As of January 1, 2019, the United States has officially withdrawn from the United Nations Educational, Scientific, and Cultural Organization (UNESCO), one of the world’s best-known global cultural heritage and preservation organizations.
The withdrawal was first announced in October 2017 after UNESCO recognized the old city of Hebron in the West Bank as a Palestinian World Heritage Site amid fierce resistance from the United States and Israel. The old city of Hebron is home to, among other relics and cultural sites, the Tomb of the Patriarchs, a sacred religious site known as the Cave of Machpelah to Jews and as the Sanctuary of Abraham to Muslims. At the time, the United States and Israel complained that the UN was engaging in “anti-Israeli bias” stemming from the recognition of Palestine as a member state of the UN in 2011. Previously, the UN had criticized Israel’s occupation of East Jerusalem, according to Al Jazeera.
When the UN elevated Palestine to membership status in 2011–during the Obama administration—the United States stopped paying its membership dues to UNESCO in protest. By 2017 the past-due fees had grown to $570 million, The Washington Post reported, and then-Secretary of State Rex Tillerson decided to initiate the process of formal withdrawal from the organization. As of 2019, the outstanding balance due to UNESCO has risen above $600 million.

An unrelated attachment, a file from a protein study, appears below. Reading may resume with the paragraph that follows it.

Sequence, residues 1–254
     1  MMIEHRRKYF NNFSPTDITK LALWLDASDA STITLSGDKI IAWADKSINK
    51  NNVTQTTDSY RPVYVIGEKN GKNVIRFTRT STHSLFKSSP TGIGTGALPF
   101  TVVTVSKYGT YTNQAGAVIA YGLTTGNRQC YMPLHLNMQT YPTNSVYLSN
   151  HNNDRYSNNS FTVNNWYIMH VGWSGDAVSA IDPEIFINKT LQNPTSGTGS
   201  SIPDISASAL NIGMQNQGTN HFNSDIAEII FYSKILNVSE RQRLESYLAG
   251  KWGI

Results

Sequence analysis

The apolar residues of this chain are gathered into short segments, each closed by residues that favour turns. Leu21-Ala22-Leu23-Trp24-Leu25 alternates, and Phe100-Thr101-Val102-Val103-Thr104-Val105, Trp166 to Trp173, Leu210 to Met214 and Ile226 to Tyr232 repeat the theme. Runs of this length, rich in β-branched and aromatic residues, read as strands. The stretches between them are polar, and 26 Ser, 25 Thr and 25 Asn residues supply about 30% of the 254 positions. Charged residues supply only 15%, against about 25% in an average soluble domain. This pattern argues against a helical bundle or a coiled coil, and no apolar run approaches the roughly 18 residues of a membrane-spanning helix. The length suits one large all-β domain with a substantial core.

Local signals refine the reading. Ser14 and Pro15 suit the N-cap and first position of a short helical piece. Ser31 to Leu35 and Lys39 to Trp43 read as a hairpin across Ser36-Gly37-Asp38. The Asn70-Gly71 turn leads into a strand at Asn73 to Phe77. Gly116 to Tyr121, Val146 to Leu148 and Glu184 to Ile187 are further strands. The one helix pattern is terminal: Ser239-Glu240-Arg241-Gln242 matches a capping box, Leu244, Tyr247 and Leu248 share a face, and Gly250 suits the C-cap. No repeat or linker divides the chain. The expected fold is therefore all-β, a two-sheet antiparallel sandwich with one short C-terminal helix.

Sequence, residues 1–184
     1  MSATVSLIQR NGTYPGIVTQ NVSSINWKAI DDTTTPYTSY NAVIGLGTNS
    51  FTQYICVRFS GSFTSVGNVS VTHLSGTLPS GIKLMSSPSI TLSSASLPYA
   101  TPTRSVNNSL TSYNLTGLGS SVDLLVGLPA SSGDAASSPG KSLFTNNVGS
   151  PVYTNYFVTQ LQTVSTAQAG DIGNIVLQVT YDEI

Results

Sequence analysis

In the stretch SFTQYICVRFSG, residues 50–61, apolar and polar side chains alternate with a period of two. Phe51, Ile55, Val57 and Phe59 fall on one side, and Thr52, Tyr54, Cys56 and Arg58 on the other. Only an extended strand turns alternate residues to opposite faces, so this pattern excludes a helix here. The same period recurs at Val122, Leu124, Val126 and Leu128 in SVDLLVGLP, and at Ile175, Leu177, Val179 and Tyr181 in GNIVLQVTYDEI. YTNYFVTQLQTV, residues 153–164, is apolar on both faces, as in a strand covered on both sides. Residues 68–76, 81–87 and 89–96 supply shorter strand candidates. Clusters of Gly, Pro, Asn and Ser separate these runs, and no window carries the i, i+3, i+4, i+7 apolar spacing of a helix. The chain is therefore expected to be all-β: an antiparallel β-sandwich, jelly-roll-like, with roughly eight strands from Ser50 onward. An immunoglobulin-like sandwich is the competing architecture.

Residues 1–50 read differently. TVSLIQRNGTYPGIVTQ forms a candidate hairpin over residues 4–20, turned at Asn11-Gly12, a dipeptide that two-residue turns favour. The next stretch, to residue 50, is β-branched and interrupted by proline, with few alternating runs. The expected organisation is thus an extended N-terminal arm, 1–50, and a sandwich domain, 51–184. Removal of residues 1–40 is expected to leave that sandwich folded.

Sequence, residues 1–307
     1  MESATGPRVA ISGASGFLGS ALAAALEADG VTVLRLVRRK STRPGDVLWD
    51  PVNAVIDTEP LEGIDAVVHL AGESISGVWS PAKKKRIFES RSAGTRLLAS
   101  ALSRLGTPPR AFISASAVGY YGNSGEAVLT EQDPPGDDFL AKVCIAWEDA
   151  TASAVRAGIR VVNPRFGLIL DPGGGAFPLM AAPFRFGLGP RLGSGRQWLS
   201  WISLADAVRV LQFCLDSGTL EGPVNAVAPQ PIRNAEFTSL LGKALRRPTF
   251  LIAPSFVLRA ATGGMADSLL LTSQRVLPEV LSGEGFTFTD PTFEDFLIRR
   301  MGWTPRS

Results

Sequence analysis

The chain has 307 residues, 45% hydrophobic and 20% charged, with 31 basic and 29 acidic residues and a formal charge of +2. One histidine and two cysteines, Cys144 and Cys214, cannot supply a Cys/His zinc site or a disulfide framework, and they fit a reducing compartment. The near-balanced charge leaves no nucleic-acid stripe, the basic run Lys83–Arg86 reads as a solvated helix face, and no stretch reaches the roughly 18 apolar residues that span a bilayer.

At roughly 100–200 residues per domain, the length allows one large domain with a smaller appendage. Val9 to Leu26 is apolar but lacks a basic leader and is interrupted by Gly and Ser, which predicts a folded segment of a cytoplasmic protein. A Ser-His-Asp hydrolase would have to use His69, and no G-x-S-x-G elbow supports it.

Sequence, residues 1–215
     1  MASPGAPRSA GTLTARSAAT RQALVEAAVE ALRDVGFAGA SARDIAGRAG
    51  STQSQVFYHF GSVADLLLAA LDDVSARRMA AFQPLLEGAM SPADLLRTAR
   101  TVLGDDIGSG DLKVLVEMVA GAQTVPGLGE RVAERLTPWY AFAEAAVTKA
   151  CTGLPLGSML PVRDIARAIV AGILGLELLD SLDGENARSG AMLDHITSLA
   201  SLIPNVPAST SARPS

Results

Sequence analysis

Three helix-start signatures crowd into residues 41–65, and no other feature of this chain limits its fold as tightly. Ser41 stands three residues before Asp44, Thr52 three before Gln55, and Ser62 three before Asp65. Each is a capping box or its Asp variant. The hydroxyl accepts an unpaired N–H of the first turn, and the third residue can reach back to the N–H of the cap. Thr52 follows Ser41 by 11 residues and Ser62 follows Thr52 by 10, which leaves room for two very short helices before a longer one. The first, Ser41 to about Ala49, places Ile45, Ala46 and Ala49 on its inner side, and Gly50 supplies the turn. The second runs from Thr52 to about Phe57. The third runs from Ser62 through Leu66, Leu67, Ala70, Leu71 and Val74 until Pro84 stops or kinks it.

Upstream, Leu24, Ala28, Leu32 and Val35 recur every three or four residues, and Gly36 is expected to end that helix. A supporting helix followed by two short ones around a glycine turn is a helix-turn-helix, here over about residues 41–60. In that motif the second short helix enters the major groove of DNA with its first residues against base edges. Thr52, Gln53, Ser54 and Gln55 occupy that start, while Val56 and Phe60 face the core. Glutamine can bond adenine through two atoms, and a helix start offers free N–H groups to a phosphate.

Following the withdrawal, Irina Bokova, director-general of UNESCO, said, “At the time when the fight against violent extremism calls for renewed investment in education, in dialogue among cultures to prevent hatred, it is deeply regrettable that the United States should withdraw from the United Nations leading these issues.”
The current episode marks the second time the United States has left UNESCO, following President Ronald Reagan’s withdrawal from the group in 1984 in an effort to thwart the recognition of Soviet historical sites. The United States rejoined the group in 2002 under President George W. Bush following the attacks of 9/11 amid a push to boost international solidarity by the U.S.
The United States now hopes it can participate as an “observer state” on “non-politicized issues,” including the protection of World Heritage sites. The body is due to take up this new role for the United States when it next meets in April 2019.